DIFD’s education programmes in Nigeria

DFID’s education programme in Nigeria operates in a very challenging environment, DFID has spent £102 million to date, with a further £126 million committed to 2019.

Published
20 Nov 2012
Assessment
Amber - Red
Lead commissioner
John Githongo
Subjects
Education
Related documents
Department for International Development’s education programmes in Nigeria
Terms of Reference - DFID Education programmes in Nigeria
ICAI Nigeria inception report FINAL

DFID supports 10 of Nigeria’s 36 States through two programmes:

  • the UNICEF-led Girls’ Education Programme (GEP); and
  • the Education Sector Support Programme in Nigeria (ESSPIN), delivered by a Cambridge Education-led consortium.

The national environment is very challenging, with too few effective teachers, poor infrastructure and unpredictable State funding.

ICAI engaged with over 900 local people, including pupils, parents, grandparents, teachers, head teachers and community leaders. They identified only limited benefits from the education provided. Around a third of eligible children in the ten States are out of school and ICAI found no major improvement in pupil learning:

  • GEP and ESSPIN have helped to create ten-year State education sector plans which are neither realistic nor affordable. Insufficient and erratic State funding leaves the education system lacking infrastructure and other essentials necessary to improve learning outcomes.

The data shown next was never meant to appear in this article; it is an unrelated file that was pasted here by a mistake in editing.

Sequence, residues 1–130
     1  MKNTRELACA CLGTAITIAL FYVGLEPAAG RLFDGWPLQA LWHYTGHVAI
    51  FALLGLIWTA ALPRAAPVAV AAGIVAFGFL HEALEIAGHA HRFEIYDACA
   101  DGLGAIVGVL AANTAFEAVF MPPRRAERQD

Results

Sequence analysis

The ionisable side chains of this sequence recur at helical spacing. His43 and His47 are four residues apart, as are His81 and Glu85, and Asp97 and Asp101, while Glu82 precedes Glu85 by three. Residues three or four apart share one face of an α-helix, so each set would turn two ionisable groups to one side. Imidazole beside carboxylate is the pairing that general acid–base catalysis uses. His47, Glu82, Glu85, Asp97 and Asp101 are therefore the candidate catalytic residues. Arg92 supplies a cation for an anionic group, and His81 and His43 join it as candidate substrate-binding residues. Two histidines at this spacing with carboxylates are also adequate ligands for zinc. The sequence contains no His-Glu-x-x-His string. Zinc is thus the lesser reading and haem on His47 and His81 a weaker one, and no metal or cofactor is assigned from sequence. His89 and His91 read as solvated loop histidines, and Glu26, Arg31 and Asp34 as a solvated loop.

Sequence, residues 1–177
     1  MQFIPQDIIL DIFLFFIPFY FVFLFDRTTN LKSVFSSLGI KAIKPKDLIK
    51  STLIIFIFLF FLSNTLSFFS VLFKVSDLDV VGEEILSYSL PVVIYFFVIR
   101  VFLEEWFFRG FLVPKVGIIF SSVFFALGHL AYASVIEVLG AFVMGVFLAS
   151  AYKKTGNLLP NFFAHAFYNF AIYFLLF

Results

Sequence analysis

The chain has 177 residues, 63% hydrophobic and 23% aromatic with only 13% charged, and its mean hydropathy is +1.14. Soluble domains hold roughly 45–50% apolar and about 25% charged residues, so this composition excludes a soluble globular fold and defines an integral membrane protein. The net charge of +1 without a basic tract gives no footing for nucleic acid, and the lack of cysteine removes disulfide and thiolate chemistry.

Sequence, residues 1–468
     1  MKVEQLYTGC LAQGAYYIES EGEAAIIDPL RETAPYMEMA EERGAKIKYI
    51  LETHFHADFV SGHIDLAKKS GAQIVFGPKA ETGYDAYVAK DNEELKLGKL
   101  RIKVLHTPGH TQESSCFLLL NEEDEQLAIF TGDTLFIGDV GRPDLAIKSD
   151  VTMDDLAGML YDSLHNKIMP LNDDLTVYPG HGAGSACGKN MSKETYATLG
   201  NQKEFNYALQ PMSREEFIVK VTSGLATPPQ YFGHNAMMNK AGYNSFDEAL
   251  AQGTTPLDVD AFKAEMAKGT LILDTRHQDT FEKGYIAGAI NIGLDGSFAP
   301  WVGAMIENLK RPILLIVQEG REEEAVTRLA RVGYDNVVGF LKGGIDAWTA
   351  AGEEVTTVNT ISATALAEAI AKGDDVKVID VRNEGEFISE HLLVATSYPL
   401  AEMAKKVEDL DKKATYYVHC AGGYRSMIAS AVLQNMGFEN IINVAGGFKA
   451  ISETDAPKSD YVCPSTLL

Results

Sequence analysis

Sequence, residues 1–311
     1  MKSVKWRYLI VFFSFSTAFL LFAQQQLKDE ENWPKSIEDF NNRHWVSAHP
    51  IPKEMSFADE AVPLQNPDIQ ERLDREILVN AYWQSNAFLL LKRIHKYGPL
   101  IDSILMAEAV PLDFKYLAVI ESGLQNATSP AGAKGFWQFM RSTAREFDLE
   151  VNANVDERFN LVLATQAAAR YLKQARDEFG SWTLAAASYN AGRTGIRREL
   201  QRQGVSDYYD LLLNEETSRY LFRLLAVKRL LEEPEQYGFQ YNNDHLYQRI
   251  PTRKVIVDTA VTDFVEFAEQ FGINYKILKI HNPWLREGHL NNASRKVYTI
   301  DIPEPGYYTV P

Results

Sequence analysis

• Key education building blocks – such as adequate facilities, teachers who are present and committed, routine pupil attendance and appropriate curricula and teaching materials – are often missing from schools.

GEP and ESSPIN are delivering similar programmes but the ESSPIN approach appears more likely to succeed in the long term. UNICEF was reappointed for the third phase of GEP without competition, which we do not believe was fully supported by the available evidence of their performance.

There have been some successes, including support for female teachers and school-based management committees and an innovative approach to Qur’anic schools, attended by most Muslim children in northern Nigeria. Implementation issues, however, are limiting the impact on pupil learning.

As a result of our findings this review was marked Amber-Red.

Recommendations

Recommendation 1: DFID should create a single education programme out of GEP and ESSPIN in 2014 focussing rigorously on basic reading, writing and arithmetic in the early years of primary schooling and building on the lessons learned, with aligned initiatives for teacher training and infrastructure.

Recommendation 2: DFID should work with its partners and each participating State to secure a clear agreement about the policy changes and financial contributions required to improve enrolment and learning and to introduce effective financial management and resource planning into education. There should be regular reviews of performance with States, based on school-level data.

Recommendation 3: DFID should work with UNICEF to achieve significant improvement in the performance of GEP over the next 12 months against agreed targets, with a review of progress by DFID after six months.

Recommendation 4: DFID should address implementation issues that are limiting the impact of the two programmes in relation to the Female Trainee Teachers’ Scholarship Scheme, School-Based Management Committees and Qur’anic schools.